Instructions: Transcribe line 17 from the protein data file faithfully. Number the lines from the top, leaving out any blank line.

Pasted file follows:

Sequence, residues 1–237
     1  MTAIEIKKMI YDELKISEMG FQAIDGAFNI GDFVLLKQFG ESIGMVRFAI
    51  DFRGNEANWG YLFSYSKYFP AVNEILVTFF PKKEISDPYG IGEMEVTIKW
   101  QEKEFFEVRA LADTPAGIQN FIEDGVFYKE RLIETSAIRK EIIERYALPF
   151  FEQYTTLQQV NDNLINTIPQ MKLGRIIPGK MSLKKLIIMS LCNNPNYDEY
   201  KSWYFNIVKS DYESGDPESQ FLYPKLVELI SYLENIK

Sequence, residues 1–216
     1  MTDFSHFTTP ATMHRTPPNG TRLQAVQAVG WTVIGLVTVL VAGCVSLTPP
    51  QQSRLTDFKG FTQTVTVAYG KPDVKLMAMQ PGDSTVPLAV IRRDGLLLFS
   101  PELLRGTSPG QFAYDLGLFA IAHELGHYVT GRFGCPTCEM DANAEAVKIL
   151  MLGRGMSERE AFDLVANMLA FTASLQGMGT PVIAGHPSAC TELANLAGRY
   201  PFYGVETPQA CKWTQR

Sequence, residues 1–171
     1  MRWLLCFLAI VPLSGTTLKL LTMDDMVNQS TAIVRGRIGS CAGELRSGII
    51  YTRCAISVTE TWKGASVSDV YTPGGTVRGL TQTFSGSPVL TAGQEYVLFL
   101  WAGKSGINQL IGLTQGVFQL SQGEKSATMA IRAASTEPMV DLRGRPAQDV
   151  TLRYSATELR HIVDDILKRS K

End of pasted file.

   151  TLRYSATELR HIVDDILKRS K